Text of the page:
Manufacturer's Suggested Retail Price (MSRP), also known as "sticker" price, is a recommended selling price that automakers give a new car that is above the invoice price paid by the dealer. It is a price that does not include any options that can be added to a particular car style. When shown as a range, the prices are starting MSRPs, without options, for multiple styles for that model.
This price range reflects the Kelley Blue Book Suggested Retail value for all trim levels, but not necessarily all available options.
The Kelley Blue Book Suggested Retail value represents the amount an auto dealer might ask for a specific vehicle; the actual sale price will vary. A vehicle's popularity, condition, warranty, color and local market conditions are factors involved in determining a final price. The retail value is not a trade-in or private party value.
The Suggested Retail value assumes that the vehicle has been fully reconditioned and has a clean title history. The Suggested Retail value also allows for advertising, sales commissions, insurance and other costs of doing business as a dealer. Most vehicles offered at this price have passed an inspection, and some may carry a warranty. Vehicle mileage is assumed to be normal or below normal.
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By Jim Flammang
April 29, 2003
Posted on 8/29/02 Vehicle Overview Introduced at the New York International Auto Show in March 2002, the latest Isuzu sport utility vehicle will supersede the long-lived Trooper, which dates back to the 1980s. Named Ascender, the new flagship exhibits some kinship to General Motors midsize SUV models; thats no surprise because Isuzu has had a 31-year relationship with GM. In addition, the Ascender is built on the same platform used by GMs extended-length midsize SUVs, which reached the market early in 2002.
Isuzu is making the right move with the Ascender, said Rick Balsiger, Isuzus vice president of SUV marketing and product planning, during the vehicles unveiling in New York. Though the Ascender is larger than a compact model, it is smaller than typical full-size SUVs. Isuzu calls it the ideal-size model, equipped with three rows of seats that hold seven passengers.
The two engines offered a 4.2-liter inline-six-cylinder and a 5.3-liter V-8 mate with a four-speed-automatic transmission. Scott Hyde, Isuzus executive manager of SUV product planning, said the inline-six outperforms many V-8s.
Three trim levels will be available: S, LS and Limited. Production of the U.S.-built Ascender begins in September 2002, and the SUV will reach dealerships late in the year. Isuzu offers the longest powertrain warranty of any vehicle in this class: 10 years or 120,000 miles. GMs OnStar communication system will be standard thats a first for Isuzu.
The Ascender may be equipped with two-wheel drive (with traction control) or on-demand four-wheel drive (4WD). The 4WD system has four modes: automatic, which functions with no input from the driver; 4-Low for hard going; 2-High; and 4-High. Limited and LS models include a locking rear differential.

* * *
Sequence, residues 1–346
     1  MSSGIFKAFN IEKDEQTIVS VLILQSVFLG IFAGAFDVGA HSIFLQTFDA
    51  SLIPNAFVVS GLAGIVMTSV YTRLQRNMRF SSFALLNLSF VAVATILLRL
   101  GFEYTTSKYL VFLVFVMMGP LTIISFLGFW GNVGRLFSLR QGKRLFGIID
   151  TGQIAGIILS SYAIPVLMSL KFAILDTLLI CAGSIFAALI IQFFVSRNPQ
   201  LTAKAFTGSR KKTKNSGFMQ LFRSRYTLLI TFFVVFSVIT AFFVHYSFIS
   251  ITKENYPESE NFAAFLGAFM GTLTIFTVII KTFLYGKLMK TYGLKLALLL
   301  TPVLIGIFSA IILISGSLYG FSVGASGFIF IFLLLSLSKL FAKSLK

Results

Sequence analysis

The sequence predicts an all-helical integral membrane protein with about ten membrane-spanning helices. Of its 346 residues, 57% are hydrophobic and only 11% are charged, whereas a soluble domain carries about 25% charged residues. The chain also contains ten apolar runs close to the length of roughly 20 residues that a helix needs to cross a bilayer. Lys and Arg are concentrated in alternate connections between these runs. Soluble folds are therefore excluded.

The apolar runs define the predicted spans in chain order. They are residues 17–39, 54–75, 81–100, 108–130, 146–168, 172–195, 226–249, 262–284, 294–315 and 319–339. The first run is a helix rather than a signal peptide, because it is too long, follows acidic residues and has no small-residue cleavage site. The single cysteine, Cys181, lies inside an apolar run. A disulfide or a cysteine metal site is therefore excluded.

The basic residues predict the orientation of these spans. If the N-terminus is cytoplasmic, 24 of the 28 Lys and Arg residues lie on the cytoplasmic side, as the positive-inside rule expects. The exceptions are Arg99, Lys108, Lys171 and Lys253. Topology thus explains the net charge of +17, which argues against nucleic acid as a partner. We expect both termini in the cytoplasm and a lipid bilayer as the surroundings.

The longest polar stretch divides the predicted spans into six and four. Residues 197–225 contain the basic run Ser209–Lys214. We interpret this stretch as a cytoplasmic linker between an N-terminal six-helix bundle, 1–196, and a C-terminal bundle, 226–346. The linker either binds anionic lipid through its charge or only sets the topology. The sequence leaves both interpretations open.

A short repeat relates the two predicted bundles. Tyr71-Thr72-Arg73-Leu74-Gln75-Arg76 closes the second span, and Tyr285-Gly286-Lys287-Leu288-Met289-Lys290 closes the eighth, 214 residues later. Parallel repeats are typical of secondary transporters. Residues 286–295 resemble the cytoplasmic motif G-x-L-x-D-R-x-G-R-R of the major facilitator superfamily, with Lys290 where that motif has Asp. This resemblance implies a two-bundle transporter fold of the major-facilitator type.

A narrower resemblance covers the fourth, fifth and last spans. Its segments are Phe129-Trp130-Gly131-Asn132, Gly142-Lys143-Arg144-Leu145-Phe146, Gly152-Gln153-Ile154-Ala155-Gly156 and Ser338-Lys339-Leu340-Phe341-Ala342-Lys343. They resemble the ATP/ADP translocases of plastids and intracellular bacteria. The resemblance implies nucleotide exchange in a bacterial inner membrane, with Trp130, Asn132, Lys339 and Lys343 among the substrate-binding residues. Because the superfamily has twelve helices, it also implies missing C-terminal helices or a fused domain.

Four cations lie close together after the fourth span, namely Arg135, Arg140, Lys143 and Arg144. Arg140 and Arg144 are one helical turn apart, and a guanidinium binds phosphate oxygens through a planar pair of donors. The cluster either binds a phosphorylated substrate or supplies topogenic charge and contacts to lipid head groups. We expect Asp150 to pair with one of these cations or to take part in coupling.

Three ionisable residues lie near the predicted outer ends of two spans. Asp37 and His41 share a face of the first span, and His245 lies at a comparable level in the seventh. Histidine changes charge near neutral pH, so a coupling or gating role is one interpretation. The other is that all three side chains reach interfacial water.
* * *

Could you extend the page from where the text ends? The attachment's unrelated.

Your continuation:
Isuzu marketers refer to the bold, commanding presence of the Ascender, which emphasizes such elements as 17-inch alloy wheels, overfenders, standard bodyside moldings and a long, 129-inch wheelbase. The chrome grille resembles the one installed on other Isuzu models. An aerodynamic front fascia incorporates halogen headlights and integrated fog lamps. The Ascender is 207.6 inches long overall and 75.5 inches tall.
Built with body-on-frame construction, the Ascender gets rack-and-pinion steering and a standard premium ride suspension that employs Bilstein shock absorbers. A roof-mounted luggage rack is standard. The Limited features running boards and special monotone paint. A power moonroof is included on the LS and Limited models.
The Ascender is designed to seat seven occupants. Second-row passengers get a 65/35-split, folding seat, while the 50/50 third-row seat holds two. Second-row seats have a flip-and-tumble feature for easy access to the back row. All rear seats fold flat to create a cargo volume of 100.2 cubic feet.
All models come with standard dual-zone air conditioning, power windows and door locks, power heated mirrors, a Premium Bose sound system with a CD player, GMs OnStar communication system and an automatic-dimming inside mirror with a compass. A rear cargo shelf has adjustable height levels. The Limited adds leather-trimmed power seats with heating for front occupants, as well as an in-dash six-CD player and Radio Data System (RDS) technology. Automatic air conditioning is available for the LS and Limited models.
Under the Hood
The base S model is powered by a 4.2-liter dual-overhead-cam inline-six-cylinder engine that generates 275 horsepower and 275 pounds-feet of torque. Buyers who favor extra performance can step up to an LS or Limited, which pack a 5.3-liter V-8 that develops 285 hp and 320 pounds-feet of torque. Each engine teams with a four-speed-automatic transmission. The Ascenders trailer-towing capacity reaches 5,500 pounds with the inline-six and 7,200 pounds with the V-8. Two-wheel-drive LS and Limited models include traction control, which is optional on the base S trim.
Antilock brakes and side-impact airbags are standard. Three-point seat belts are installed in all seven seating positions. An anti-theft engine immobilizer and daytime running lights are standard.